TORONTO — In an instant, everything for the Twins condensed. And when it came time for the big swing, Carlos handed Correa the power.
Minnesota trailed most of Saturday’s wins 9-4, but three straight eighth-inning singles provided a shining stage for a man known for his solid performance. With his club within two runs, the Twins shortstop was offloaded on a hooked slider off Blue Jays sidewinder Adam Cimber.
The explosion itself wasn’t questionable, but Corea knew he clubbed him. As the liner rose to the left field bench, the sold-out center Rogers gasped, shocked to watch his home club lose a late lead. Correa, on the other hand, was ecstatic, waving to his dugout before hitting first and plunging into what was arguably his biggest hit of the Twins season.
“It felt really good,” Correa said. “I’m not going to lie. Bases loaded, we’re down, and [to] Just turn the game upside down like this. And it was a big one.”
The Blue Jays folded after Korea exploded, and Minnesota led with consecutive hits, topped off by a thunderous three-run homer by Max Kepler to make it the eighth inning with seven runs.
“It’s good to pile on and get a lot of hits,” said Rocco Baldelli, director of the Twins. “We’re jumping on top of each other, and it’s stacked up really well in our favor because our rackets have been good. … A lot has happened in a short period of time, and I like it. I like it when we do that.”
As it turns out, there are some precedents for twins mashing up gay pitchers on the road. After Saturday’s hitting parade, Minnesota has now hosted a 16-game winning streak at Rogers Center, totaling 35 long balls over that span.
Correa took home honors in this contest, but it wasn’t all sunny since he signed a six-year, $200 million deal to stay in Minnesota. He’s still adept on defense and a respected voice on the clubhouse, but the bat has been slow to cook. The 28-year-old entered Saturday with a career-low . 212 batting average — though his big hit reminded everyone what he’s capable of.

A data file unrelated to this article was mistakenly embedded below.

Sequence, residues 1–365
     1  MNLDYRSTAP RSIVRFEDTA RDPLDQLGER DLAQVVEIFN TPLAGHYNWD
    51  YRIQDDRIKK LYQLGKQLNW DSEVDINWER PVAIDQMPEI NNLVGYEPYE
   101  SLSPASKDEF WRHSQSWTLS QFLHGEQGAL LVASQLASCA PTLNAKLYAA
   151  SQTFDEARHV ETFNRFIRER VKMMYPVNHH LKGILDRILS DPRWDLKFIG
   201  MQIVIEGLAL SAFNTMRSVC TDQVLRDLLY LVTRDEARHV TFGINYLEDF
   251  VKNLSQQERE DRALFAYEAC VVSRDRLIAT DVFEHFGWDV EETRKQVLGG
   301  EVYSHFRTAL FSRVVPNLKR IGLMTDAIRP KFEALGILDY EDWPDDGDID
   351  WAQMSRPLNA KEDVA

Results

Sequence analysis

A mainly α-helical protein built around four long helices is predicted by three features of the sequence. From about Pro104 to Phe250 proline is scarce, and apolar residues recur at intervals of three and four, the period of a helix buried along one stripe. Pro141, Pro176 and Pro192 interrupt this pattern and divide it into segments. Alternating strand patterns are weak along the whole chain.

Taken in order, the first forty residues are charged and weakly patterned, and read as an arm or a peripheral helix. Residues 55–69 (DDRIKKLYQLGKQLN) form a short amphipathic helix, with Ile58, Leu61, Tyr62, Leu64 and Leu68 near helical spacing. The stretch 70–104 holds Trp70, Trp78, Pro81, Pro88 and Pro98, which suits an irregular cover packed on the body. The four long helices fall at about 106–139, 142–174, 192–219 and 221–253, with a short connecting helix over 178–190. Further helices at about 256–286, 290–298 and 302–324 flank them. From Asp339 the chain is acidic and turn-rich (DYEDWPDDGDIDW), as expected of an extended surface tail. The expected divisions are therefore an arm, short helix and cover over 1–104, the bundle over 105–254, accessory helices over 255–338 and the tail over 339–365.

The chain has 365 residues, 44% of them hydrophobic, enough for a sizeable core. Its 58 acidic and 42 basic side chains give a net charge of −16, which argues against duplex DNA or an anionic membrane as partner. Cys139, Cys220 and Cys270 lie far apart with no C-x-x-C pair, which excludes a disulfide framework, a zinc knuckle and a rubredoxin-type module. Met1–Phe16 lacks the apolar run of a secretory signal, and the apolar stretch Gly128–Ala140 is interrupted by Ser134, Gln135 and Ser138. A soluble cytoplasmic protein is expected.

“That’s why he’s back here,” said Joe Ryan, who made his 10th start of the year. “Obviously he’s a great player and it’s good to see him hit the ball a bit harder at the moment. … He’s been the same guy all year, so I think that’s great. Great for the team and great to see him crack the game open here today.”
As Baldelli said, when Korea goes, so goes the Beating Twins.
“When you guys go out there and have a Grand Slam when you need it, I think it pisses everyone off,” Baldelli said.
With Correa leading the way and the offense appearing for 12 batters, it was easy to overlook Edward Julian’s contributions to the Twins’ victory. The 24-year-old arrived in Toronto late Friday as an injury replacement for Jorge Polanco, hit a lead Saturday and finished 2-for-3 on a walk, a stolen base, and a run.
A native of Quebec City (about a seven-hour drive from Toronto), Julien grew up attending three or four Blue Jays games a year. He took a lot of energy from his first chance to play an MLB game in Toronto and backed up all of those feelings with some excellent play.
“It means a lot,” Julian said. “I’ve dreamed all my life of playing here.”
Although Julian’s contributions to this resounding win are significant, they also carry a long-term impact. The Twins are hitting for the time being, with three of their most iconic hitters—Polanco, Byron Buxton, and Joey Gallo—all suspended due to injuries. As a result, Minnesota’s batting orders were giant turnstiles of platoon players swapping in and out.
However, through roster ripples and some early deficits over the past few weeks, the Twins haven’t relinquished their commitment to hitting the bat.
“We didn’t start much early on, in no way did it affect anyone’s style later in the game, nobody got away with it. Everyone just kept working,” Baldelli said.
If you parachute into this game for the eighth inning on, you won’t realize that this club just got off a five-game losing skid. Through the first two games of the series, the Twins’ drive – from offense to defense and pitching – pumps seamlessly. Now a sweep opportunity hangs in the balance on Sunday.
Baldelli added, “We want our guys to keep working, and if we do that, I think our talent goes up and we’ll see what we’ve made of.”
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